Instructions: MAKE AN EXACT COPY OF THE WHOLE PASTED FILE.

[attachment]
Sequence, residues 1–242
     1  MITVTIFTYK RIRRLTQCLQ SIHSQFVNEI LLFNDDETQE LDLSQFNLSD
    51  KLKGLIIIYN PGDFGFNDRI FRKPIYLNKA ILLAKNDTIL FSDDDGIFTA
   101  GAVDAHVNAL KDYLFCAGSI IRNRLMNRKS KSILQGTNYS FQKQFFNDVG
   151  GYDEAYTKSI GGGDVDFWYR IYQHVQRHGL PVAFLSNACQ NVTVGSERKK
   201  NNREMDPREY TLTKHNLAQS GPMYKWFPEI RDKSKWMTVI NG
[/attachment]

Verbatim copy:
Sequence, residues 1–242
     1  MITVTIFTYK RIRRLTQCLQ SIHSQFVNEI LLFNDDETQE LDLSQFNLSD
    51  KLKGLIIIYN PGDFGFNDRI FRKPIYLNKA ILLAKNDTIL FSDDDGIFTA
   101  GAVDAHVNAL KDYLFCAGSI IRNRLMNRKS KSILQGTNYS FQKQFFNDVG
   151  GYDEAYTKSI GGGDVDFWYR IYQHVQRHGL PVAFLSNACQ NVTVGSERKK
   201  NNREMDPREY TLTKHNLAQS GPMYKWFPEI RDKSKWMTVI NG